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you've done it. almost. i've reconstructed over 68 kiloquads of information but a lot of it is still garbled. what about that data block? 14 beta? that part of the message is too degraded to recover. captain, i've found a spatial grid. janeway: they've marked a set of coordinates. maybe starfleet wants us to proceed to that location. maybe. there's only one way to find out. we're approaching the coordinates. take us out of warp, scan the vicinity. i am picking up a vessel. janeway: on screen.
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the warp signature is starfleet. you okay? i just wish we didn't have to sell mom's piano. i know how hard she and dad worked to save for it. i know she wanted to keep it in the family. i know, but we need to pay for her funeral, the medical bills ... without life insurance to help, i don't see any other way. i'm worried i'll leave my kids in the same position. why? don't you have life insurance?
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besides, i don't think i could even get covered with my recent health. you know, massmutual has a new policy called guaranteed acceptance life insurance. steve and i got covered, and it was affordable. i don't want to go through a long application process just to get turned down. it's one phone call, and you're guaranteed to be accepted. massmutual helped us through the whole thing. i know there's nothing we can do about the situation we're in. but this is definitely something you can do to tect your family. if you're age 50-75, it's easier than ever to get reliable coverage at an affordable price. call massmutual today for guaranteed acceptance life insurance. with no medical questions or exams, you cannot be turned down. with one phone call, you can get coverage ranging from $2,000 - $25,000, and premiums can start at less than $10 per month. guaranteed acceptance life insurance can help your loved ones cover expenses such as funeral costs,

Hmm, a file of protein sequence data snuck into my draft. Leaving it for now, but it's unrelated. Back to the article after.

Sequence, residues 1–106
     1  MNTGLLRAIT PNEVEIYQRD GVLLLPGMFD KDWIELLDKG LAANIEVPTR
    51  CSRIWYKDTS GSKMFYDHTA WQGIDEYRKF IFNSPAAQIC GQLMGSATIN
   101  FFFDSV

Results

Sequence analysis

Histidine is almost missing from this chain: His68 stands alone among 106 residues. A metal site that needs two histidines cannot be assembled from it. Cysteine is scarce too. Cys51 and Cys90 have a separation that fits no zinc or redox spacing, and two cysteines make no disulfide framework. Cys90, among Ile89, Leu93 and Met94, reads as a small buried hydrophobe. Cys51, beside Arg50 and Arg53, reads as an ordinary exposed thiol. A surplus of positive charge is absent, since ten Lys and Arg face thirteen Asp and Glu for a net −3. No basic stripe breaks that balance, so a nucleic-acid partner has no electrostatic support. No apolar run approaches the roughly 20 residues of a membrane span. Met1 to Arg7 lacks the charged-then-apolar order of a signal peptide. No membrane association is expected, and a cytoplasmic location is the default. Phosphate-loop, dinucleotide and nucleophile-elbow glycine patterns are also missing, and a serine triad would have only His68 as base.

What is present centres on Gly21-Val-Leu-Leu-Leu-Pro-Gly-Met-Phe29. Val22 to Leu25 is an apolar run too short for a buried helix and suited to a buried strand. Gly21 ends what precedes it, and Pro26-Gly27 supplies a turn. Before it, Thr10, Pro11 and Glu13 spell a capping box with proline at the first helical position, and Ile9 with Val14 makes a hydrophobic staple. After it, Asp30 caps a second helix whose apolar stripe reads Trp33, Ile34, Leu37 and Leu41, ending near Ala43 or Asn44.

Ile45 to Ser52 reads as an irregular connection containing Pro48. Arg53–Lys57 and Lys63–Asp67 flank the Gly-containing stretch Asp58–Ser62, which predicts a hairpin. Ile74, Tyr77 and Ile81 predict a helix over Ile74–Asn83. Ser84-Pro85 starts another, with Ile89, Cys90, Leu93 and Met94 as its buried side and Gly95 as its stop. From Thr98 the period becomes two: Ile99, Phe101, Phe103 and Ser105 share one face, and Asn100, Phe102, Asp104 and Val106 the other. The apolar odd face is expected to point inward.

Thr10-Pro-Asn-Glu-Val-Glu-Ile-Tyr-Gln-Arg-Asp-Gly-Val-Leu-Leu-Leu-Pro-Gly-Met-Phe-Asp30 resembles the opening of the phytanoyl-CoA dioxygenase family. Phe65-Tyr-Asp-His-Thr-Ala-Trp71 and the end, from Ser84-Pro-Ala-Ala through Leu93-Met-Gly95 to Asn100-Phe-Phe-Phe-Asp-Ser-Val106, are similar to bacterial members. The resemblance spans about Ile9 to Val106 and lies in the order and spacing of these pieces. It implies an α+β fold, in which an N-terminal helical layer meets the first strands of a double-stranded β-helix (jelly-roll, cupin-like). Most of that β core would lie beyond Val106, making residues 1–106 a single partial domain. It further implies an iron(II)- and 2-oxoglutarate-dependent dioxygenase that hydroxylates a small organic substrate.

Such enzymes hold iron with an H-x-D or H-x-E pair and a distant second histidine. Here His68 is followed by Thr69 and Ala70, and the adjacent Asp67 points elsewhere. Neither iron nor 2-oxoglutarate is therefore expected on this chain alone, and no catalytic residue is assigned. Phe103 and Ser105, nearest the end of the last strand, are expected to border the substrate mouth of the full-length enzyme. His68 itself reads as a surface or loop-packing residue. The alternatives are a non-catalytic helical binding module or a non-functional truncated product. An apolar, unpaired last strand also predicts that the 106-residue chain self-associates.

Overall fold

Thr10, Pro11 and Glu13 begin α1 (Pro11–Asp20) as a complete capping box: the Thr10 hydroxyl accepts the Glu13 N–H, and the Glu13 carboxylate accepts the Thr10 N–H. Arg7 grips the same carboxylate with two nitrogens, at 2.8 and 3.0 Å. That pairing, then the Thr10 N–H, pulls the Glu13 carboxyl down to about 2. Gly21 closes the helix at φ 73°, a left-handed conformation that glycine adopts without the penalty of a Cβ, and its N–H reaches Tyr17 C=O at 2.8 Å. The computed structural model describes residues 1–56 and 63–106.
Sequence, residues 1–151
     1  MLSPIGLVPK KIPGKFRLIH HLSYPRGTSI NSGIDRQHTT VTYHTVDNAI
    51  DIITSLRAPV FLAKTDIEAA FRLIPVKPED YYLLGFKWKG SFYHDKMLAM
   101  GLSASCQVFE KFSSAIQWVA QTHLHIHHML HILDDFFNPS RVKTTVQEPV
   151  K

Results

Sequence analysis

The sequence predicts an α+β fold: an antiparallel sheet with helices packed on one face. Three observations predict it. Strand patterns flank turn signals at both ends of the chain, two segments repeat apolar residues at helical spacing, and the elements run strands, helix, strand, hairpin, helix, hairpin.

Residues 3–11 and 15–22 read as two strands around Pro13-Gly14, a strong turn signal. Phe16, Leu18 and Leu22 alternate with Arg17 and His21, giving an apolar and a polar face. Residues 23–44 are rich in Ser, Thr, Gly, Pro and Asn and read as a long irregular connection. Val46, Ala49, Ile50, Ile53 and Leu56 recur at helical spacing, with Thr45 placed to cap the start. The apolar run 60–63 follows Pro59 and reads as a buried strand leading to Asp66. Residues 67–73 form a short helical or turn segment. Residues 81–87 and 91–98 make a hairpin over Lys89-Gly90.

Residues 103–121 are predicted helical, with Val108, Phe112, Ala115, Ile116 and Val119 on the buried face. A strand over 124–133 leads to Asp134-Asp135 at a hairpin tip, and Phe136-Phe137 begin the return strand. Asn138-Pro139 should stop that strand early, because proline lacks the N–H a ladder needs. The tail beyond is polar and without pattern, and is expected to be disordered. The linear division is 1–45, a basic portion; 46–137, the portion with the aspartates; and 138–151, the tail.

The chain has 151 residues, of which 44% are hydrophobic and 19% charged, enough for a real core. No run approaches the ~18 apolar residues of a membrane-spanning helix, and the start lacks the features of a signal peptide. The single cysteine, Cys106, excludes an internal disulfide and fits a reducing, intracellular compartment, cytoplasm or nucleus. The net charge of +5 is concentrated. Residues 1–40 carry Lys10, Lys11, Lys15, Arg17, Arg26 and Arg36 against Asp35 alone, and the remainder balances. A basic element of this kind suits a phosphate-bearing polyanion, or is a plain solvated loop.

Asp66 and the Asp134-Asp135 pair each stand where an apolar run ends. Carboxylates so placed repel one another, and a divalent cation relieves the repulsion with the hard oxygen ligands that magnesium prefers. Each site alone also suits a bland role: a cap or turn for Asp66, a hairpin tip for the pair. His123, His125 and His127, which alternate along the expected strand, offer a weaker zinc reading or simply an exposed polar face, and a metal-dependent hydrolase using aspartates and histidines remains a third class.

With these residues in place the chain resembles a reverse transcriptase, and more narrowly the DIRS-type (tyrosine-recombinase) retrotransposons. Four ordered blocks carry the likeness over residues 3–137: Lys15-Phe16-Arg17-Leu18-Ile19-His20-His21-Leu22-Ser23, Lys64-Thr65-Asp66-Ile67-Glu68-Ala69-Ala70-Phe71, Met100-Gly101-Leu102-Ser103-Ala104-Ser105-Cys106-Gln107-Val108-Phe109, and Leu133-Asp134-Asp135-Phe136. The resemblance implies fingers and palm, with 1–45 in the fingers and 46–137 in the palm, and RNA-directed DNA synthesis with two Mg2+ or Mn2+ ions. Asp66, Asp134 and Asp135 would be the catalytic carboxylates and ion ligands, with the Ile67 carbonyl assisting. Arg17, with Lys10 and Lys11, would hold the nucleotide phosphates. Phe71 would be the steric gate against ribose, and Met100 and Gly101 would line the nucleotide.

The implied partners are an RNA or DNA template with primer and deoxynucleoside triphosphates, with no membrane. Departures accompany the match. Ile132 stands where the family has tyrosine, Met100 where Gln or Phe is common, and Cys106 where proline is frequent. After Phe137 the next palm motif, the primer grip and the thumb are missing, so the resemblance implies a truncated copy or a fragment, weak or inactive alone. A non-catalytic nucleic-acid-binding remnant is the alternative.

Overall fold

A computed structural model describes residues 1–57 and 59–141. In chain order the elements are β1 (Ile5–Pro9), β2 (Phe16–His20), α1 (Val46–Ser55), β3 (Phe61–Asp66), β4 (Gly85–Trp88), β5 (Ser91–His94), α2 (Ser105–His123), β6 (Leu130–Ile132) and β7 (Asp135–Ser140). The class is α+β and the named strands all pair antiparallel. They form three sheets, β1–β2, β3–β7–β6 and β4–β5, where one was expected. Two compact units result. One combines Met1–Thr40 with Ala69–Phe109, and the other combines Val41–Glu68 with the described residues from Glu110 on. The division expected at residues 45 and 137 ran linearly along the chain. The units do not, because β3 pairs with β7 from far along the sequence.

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of course. take an away team. secure the vessel. tom, tuvok. captain, i won't pretend to know you well but i am surprised you're not more... encouraged by this discovery. ( sighing ) i've learned to walk the line between hope and caution. we've had other opportunities that didn't work out but i will admit, i'm leaning toward hope this time. wow.
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this kind of hull geometry. looks like they're taking a whole new approach to starship design. tuvok: the u.s.s. dauntless. registry: nx zero one-a. launch date: 51472. 60,000 light years in three months. i'm trying to access the crew logs but there are none. i don't think there was a crew. this helm was set for auto-navigation to these coordinates. it appears that starfleet has provided us with a new ship. let's not pack our bags just yet. w they... ( low rumble ) i'm reading power fluctuations in the warp core-- if you can call it a warp core. i don't recognize this engine configuration. let's go take a look.
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some kind of new warp drive? it's not antimatter. it's... i don't know what it is. they call this thing a "quantum slipstream drive." quantum slipstream? i've never seen that in the engineering manuals. ship's powering up. auto-navigation is kicking in. bridge to janeway. the vessel's moving away at high impulse. i can't raise the away team. pursuit course, ensign. i can't shut down the drive!
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unable to comply. hang on! bridge to janeway. they're gone. look at this. energy from the quantum drive is being routed through the main deflector. is that what's creating the slipstream? it looks that way. can you make it stop? i'll try accessing helm controls. we're back in normal space. scan for voyager. no sign of them. commander...